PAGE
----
The Reformation of New Thought

500 years ago this week, Martin Luther launched the Protestant reformation with his 95 theses that challenged Catholic church authorities. Without that move away from centralized religious dogma, New Thought and alternative spirituality would not exist. New Thought spiritual pioneers experimented with what worked in their lives without blind acceptance of tradition.

What in New Thought needs reform today?

Contributors to this blog have been mulling that question for the last two plus years. In this piece, adapted from the introduction to Can New Thought Be Saved?, a forthcoming anthology drawn from HarvBishop.com, I summarize some of our ideas and questions. One thing is clear. This New Thought reformation is about respecting evolving questions and dialogue, not imposing new dogma.  

BY HARV BISHOP

What works in New Thought, what doesn’t and what needs reform?

Discussion about those essential questions is always being co-created though the blog that bears my name. It is a product of readers’ concerns, interests and comments, and the perspectives of my fellow contributors and I. It is this vibrant and rich dialogue between perspectives that is captured in this anthology.

Our blog contributors – including writers, historians, ministers, academics and metaphysical practitioners from all generations – don’t always agree with each other and we are fine with that. Sometimes our blog contributor’s views shift over time. We each evolve and thus the blog itself is always evolving.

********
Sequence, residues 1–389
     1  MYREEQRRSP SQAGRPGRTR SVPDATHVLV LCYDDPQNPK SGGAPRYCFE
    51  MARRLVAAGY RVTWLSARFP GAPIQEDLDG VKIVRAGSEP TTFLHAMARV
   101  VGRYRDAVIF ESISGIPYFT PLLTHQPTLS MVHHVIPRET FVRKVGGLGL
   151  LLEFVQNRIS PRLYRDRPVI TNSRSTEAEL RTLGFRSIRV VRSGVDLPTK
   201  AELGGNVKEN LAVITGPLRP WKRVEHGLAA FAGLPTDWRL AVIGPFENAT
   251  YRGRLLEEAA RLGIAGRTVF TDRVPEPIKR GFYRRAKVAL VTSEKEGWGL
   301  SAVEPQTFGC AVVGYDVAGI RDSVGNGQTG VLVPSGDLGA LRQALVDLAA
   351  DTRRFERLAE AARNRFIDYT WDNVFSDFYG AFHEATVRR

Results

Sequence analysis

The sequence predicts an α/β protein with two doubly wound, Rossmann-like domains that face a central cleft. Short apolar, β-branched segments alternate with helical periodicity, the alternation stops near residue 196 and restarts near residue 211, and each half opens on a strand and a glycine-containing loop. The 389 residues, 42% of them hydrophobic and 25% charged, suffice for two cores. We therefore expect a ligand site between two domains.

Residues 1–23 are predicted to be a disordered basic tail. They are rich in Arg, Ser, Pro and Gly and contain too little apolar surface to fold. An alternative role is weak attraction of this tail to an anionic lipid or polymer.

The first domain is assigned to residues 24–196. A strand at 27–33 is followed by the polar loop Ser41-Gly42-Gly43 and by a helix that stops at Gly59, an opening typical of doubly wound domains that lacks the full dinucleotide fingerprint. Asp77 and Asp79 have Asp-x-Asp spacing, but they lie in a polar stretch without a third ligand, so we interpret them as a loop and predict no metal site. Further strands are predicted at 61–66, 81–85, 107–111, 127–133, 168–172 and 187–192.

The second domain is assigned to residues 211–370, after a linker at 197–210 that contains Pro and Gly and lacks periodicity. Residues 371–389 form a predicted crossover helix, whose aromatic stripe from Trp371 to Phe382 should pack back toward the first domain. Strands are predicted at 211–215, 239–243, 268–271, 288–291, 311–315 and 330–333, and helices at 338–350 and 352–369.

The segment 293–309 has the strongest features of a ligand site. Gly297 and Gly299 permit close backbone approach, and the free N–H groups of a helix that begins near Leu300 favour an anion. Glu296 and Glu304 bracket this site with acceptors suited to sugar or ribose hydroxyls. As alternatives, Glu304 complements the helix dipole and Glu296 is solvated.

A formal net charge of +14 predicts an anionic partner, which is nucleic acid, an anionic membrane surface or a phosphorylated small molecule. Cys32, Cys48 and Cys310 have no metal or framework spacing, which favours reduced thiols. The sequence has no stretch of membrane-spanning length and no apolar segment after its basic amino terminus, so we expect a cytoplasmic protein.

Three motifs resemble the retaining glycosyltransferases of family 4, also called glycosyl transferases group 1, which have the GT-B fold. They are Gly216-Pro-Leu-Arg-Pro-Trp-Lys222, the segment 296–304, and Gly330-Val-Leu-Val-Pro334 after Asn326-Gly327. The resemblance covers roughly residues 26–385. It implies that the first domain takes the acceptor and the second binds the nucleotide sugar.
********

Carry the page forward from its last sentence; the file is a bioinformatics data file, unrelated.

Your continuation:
One topic of discussion that generates passionate debate is what should be done to increase attendance in New Thought churches, especially among young adults. Some suggest widening the scope of New Thought and include other forms of worship such as drumming and energy healing. Other contributors reject what they see as watered down New Thought and argue that the key is getting back to basic practices and teachings so individuals can change their lives. Some argue that New Thought needs to address meaningful social justice and environmental issues to attract young people, while others say New Thought is about changing individual consciousness, not addressing larger social and political concerns.

Coming in 2018.

 

I believe that New Thought is a big enough tent to accommodate all these different approaches to its teachings and practices.